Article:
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Rainwater Saving FAQ's

What happens when it doesn't rain

If you’re using a full rainwater harvesting system, when there isn’t enough rainfall to keep the tank full the system will automatically take water from the mains, so a lack of rainfall will make no difference around the house.

Is the water clean?

Below ground rainwater tanks are always fitted with filters to keep debris and smaller particles out, so the water is clean for use in toilets, washing machines and garden watering and general washdown. Above ground tanks would ideally be filtered, especially if the tank is a large or sealed tank

How much water can be saved?

This will depend on a few things such as the total area of the surface you’re using to catch water (probably the roof of your house) and how much it rains where you live. You’ll probably harvest a little more in Manchester or Wales, and a little less in Norfolk or Kent. On average, a domestic system will cut your domestic mains water consumption by about 50%. This can rising to around 80% for commercial settings such as offices or nursing homes. .

Why should I buy a system?

Rainwater harvesting has some significant environmental benefits, cutting mains water demand and lowering storm water run-off at the wettest times of the year. Controlling your storm-water run-off is ever more important in the eyes of Planning departments, and rainwater harvesting can go a long way in tackling the issue.

Is rainwater harvesting only for new buildings?

No! The systems are best when incorporated into the design from the beginning, but they can be retrofitted to existing homes and other buildings.

Is there a danger of Legionella?

Legionella can’t cultivate in the dark, cool, and well-oxygenated conditions of an underground tank.

How big are the systems and storage tanks?

This varies quite a lot, and it depends on the harvesting capabilities of your roof as well as the likely levels of use of non-potable water in the house.

Will I need to look after my rainwater harvesting system?

This will vary from one system to the next, but it is always minimal. Typically, you’ll only need to wash off the filter with a garden hose for five minutes once a year.  

How long will a system last?

Underground tanks of the system will last indefinitely, 50 years woudl not be uncommon. The control system, pump, and filter all have very long life expectancies and are very easily replaced if needs be.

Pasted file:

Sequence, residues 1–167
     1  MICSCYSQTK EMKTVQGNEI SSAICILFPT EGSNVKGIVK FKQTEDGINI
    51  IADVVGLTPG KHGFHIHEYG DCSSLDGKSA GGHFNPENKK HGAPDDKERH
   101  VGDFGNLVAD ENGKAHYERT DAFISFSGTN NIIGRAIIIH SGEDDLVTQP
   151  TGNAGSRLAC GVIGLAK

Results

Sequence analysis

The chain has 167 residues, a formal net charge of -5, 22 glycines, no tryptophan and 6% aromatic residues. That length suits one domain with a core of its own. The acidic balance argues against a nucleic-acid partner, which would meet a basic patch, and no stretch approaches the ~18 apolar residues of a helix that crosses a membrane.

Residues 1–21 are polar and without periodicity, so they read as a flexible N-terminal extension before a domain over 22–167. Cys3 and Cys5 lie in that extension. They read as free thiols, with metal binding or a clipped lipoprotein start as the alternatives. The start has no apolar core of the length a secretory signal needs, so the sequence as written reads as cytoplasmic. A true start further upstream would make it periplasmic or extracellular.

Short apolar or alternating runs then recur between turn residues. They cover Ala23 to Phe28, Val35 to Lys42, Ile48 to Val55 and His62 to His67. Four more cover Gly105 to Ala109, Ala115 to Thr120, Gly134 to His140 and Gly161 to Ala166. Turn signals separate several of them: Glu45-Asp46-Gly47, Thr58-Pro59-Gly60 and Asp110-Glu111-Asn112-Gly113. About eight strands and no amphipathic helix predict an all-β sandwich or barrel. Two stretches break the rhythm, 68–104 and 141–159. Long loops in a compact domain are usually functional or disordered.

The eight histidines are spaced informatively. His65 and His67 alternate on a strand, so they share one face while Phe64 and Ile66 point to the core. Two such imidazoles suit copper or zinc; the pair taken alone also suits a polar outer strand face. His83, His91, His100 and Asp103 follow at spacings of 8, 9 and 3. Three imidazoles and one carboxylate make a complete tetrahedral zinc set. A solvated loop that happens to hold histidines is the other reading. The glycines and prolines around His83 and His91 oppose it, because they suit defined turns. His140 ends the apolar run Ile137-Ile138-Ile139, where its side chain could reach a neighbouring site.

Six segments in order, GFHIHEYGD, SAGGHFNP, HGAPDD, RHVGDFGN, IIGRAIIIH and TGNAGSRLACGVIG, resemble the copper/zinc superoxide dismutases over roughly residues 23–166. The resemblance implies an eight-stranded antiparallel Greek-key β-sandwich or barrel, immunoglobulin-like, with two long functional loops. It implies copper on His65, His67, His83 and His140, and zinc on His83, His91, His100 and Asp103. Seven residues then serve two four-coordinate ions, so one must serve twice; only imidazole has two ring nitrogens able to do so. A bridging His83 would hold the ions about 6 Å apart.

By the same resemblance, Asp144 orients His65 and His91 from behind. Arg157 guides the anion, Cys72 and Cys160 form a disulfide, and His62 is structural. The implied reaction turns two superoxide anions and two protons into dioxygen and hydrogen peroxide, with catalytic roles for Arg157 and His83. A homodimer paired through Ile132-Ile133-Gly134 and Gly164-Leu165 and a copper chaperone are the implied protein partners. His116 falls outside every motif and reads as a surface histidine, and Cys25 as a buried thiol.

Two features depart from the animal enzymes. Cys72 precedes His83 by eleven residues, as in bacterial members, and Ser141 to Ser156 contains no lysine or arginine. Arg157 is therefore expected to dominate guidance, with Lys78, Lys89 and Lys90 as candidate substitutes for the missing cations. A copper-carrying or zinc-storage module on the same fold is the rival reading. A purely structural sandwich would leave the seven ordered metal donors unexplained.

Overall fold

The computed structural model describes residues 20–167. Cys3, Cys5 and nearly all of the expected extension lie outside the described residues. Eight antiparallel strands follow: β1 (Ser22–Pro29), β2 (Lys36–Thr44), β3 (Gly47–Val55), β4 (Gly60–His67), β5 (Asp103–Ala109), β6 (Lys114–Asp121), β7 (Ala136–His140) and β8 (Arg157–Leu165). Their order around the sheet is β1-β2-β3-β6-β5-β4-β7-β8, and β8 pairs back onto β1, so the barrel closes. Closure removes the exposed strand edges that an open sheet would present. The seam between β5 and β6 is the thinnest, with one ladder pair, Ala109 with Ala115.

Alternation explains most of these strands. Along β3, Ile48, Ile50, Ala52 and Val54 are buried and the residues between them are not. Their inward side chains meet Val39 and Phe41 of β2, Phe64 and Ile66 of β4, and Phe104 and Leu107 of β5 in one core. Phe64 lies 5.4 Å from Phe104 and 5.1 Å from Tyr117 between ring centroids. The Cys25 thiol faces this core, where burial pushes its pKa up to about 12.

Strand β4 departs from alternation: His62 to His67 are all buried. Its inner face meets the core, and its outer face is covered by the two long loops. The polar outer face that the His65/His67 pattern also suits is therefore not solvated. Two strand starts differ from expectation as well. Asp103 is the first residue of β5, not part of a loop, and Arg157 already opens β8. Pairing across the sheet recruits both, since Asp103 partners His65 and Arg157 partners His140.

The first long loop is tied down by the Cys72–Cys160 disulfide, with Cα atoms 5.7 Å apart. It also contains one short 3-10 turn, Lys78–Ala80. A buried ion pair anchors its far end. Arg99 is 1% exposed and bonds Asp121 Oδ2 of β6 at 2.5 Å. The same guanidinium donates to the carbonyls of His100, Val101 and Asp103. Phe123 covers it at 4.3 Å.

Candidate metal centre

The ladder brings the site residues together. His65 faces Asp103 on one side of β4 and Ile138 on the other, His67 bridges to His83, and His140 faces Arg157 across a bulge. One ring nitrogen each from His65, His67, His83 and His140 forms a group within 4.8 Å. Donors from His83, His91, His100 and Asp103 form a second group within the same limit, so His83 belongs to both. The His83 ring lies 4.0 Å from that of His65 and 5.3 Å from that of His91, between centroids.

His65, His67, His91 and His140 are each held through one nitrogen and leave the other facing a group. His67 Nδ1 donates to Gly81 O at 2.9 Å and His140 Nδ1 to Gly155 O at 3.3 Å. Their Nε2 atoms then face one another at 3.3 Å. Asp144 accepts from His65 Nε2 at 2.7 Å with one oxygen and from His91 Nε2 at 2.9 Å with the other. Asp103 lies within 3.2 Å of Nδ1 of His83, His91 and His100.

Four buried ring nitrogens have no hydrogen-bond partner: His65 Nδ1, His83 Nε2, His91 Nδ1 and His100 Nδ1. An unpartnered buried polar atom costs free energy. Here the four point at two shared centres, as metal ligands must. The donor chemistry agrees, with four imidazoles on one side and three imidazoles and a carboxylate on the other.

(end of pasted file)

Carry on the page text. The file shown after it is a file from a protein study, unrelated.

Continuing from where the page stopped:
How long have we been using harvesting rainwater?

The Europeans began using the first rainwater harvesting systems way back in Roman times, but the systems we use today are based on designs from the mid-1980s.

Is the modern technology proven to work?

Yes, it is. Systems fitted in Germany in the 1980s are still in use, and one benefit of the UK being so far behind the rest of Europe is that the potential issues with the systems have been worked out through all of the extensive work done in Germany over the years.

How often will the rainwater harvesting system need to be topped up from the mains supply?

A good system with a good balance between supply and demand should only need to be topped up when it hasn’t rained for a while. Severn Trent monitored a domestic system and found it rarely needed topping up and was usually around 50% full – ideally balancing having enough water to use and enough space to hold the next rainfall.

What can the water be used for?

Harvested rainwater is suitable for all non-potable purposes from watering the garden (your plants will prefer rainwater to mains water), washing the car, flushing the toilet, and running the washing machine. In some cases additional treatment can make the water safe to drink.

How much does a pump cost to run?

A pump will ordinarily use less than 1.0kWh of electricity to provide 1 cubic metre of water (1,000 litres). Pumping costs would be around 10p per week for a 3-bed house using rainwater for WCs, gardening, and running the washing machine.

How much will a rainwater harvesting system cost?

Smaller water butts used for gardening or washing cars will be a lot cheaper, but good quality larger domestic systems come in at around £1500 to £2000, depending on size. Commercial systems will be more expensive, but will save more due to the bigger roof areas.

Can I drink the rainwater?

In the UK, rainwater isn’t often harvested to be drunk. However, some manufacturers can offer solutions to bring water to potable quality with regular maintenance.

Are there any rainwater harvesting grants or tax allowances I can claim for?

At the moment, no. But rainwater harvesting systems do qualify for 100% capital allowance in commercial applications.